A hydropower facility proposed by an irrigation district in Central Oregon isn’t subject to additional stream improvement requirements, according to a state land use ruling.
The Metolius River is perhaps best known for its superb dry-fly fishing in the summertime. But many anglers find it difficult to stay away during the offseason, and the hardiest of them make their way to the Metolius throughout the wintertime.
For the first time since it was filled more than 50 years ago, Lake Powell, the second-largest reservoir in the country, is projected to dip past a critical threshold, threatening water supplies and putting a key source of hydropower generation at heightened risk of being forced offline, as climate change-fueled drought continues to grip the Western US.
Low snowpack in the mountains and low water levels in the reservoirs are prompting local farmers to request a drought declaration, the earliest on record.
Despite this week’s heavy rainfall, most of Oregon is still in an ongoing drought with Central Oregon facing the most severe conditions in the state.
The Upper Klamath Basin’s groundwater crisis has continued to worsen, even in winter. Even after rains returned in October and snow soon followed, the Oregon Water Resources Department has received 34 additional reports of dry or failing domestic wells in Klamath County. That’s on top of more than 200 reported during the summer of 2021.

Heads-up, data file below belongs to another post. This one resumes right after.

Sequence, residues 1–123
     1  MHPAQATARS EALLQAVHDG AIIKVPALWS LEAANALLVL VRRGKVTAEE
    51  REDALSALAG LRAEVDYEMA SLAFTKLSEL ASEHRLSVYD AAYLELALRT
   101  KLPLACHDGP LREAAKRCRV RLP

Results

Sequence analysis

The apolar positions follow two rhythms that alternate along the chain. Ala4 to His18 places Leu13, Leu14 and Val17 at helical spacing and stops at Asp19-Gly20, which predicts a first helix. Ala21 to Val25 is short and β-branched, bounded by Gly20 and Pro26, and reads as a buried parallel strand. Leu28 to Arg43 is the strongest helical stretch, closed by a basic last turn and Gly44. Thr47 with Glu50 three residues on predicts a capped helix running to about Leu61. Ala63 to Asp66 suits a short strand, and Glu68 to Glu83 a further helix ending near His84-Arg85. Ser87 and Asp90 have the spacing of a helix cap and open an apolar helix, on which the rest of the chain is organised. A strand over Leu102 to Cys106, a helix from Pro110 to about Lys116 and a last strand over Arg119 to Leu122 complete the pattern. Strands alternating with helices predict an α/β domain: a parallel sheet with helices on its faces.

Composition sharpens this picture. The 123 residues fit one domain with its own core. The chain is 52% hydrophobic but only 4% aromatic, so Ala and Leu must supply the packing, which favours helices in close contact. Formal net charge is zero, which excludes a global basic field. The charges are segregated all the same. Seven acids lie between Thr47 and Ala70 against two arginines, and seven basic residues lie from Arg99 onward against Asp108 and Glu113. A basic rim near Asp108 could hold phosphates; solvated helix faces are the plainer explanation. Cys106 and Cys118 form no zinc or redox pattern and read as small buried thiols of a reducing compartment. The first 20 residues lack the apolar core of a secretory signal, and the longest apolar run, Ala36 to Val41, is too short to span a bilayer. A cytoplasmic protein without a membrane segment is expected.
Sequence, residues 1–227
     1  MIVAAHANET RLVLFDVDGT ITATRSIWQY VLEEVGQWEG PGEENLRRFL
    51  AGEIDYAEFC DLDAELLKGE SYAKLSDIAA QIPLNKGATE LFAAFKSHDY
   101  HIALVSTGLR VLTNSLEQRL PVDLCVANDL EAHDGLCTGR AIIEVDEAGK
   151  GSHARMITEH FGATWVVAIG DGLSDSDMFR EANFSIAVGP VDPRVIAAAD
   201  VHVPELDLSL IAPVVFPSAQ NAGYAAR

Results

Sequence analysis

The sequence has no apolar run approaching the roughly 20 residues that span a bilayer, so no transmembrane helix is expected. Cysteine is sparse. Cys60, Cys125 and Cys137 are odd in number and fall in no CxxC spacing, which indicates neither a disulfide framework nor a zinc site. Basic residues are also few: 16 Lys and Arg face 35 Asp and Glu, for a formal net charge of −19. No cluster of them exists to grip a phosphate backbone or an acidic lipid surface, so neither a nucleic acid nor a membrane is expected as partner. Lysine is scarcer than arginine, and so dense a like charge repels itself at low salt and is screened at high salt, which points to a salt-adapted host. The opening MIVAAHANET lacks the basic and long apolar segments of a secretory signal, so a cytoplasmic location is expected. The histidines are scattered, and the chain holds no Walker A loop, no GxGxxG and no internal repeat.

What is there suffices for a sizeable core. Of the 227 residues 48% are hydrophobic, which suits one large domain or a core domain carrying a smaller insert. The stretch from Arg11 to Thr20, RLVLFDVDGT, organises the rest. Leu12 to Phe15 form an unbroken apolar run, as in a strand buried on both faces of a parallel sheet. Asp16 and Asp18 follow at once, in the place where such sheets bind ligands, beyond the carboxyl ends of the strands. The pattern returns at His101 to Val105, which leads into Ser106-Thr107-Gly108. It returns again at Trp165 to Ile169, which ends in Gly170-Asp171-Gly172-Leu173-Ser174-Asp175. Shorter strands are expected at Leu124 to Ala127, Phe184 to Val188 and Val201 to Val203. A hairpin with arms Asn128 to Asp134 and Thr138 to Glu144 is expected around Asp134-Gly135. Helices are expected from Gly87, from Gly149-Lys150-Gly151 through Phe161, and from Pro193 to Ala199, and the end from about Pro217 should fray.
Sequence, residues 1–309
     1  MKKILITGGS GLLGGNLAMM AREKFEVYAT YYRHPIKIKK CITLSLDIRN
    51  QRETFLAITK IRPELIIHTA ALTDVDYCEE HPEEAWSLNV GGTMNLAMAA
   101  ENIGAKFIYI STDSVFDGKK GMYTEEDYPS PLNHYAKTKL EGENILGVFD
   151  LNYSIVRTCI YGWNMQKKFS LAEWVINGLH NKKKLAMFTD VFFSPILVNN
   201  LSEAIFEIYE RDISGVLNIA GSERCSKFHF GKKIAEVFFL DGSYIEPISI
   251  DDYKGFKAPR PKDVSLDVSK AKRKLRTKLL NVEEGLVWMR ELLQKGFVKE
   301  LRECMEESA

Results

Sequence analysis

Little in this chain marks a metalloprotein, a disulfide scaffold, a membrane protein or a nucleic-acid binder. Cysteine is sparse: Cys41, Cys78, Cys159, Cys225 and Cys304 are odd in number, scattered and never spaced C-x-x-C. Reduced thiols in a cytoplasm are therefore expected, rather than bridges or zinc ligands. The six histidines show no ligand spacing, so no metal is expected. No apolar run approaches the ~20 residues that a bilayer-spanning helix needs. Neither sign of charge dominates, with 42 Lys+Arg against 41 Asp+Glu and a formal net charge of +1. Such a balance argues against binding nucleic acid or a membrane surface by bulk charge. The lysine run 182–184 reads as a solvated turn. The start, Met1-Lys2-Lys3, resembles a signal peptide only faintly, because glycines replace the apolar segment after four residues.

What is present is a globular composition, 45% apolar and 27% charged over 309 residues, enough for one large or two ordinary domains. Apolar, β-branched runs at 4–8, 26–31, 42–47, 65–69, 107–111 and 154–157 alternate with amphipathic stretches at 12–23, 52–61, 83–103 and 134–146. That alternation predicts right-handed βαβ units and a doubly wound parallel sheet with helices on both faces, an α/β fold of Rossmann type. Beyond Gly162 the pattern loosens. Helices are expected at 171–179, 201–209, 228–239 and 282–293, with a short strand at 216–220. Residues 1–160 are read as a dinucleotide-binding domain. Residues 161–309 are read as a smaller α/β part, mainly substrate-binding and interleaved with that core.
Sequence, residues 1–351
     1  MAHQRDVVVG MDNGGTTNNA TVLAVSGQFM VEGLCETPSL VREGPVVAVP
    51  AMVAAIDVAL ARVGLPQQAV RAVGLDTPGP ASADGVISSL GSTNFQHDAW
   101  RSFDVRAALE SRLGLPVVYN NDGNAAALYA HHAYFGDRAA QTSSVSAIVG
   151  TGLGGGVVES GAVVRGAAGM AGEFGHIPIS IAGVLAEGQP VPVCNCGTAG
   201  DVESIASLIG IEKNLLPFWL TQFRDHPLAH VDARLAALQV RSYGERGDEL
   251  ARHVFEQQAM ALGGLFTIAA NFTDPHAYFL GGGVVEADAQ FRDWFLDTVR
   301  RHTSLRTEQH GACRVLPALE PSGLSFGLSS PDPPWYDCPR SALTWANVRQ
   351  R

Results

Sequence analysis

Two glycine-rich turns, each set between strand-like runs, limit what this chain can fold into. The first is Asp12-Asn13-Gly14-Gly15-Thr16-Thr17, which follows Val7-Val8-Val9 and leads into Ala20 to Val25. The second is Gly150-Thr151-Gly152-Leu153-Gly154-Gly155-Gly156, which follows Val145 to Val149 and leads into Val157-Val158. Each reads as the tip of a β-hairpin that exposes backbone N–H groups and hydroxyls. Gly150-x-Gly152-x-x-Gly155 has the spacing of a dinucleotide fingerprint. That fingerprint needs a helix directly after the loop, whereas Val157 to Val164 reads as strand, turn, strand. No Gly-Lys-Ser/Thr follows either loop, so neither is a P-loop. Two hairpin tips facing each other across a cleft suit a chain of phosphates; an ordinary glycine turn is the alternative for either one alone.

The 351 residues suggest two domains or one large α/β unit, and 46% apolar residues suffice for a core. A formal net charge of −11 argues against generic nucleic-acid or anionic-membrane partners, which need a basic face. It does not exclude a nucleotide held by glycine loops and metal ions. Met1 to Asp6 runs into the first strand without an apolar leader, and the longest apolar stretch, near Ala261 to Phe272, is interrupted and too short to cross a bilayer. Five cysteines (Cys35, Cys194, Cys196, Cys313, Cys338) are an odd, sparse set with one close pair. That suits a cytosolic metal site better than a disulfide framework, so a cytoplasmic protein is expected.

A strong atmospheric river is forecast to bring heavy rain, river flooding, and snow to the Pacific Northwest early this week. Atmospheric rivers can be both good and bad. On the good side, they are the main contributor to the West Coast water supply, however, they are also the source for the region’s most impactful flooding events.
The public soon will have a say in what kind of fish passage should be built at the Mirror Pond dam. Earlier this month, the Mirror Pond Fish Passage Advisory Committee decided to explore three different kinds of fish passage options at the dam that sits in the middle of the city at Mirror Pond.
The blast of cold, arctic weather to hit Central Oregon this week has been a welcome sight for skiers, sledders, and others concerned about the lack of winter this year. For reservoir watchers, the weather is still short of what’s needed. Snowpack in the Upper Deschutes and Crooked River Basin fell to 85% of normal as of Thursday, according to data compiled by the Natural Resources Conservation Service. Year-to-date precipitation was 86% of normal.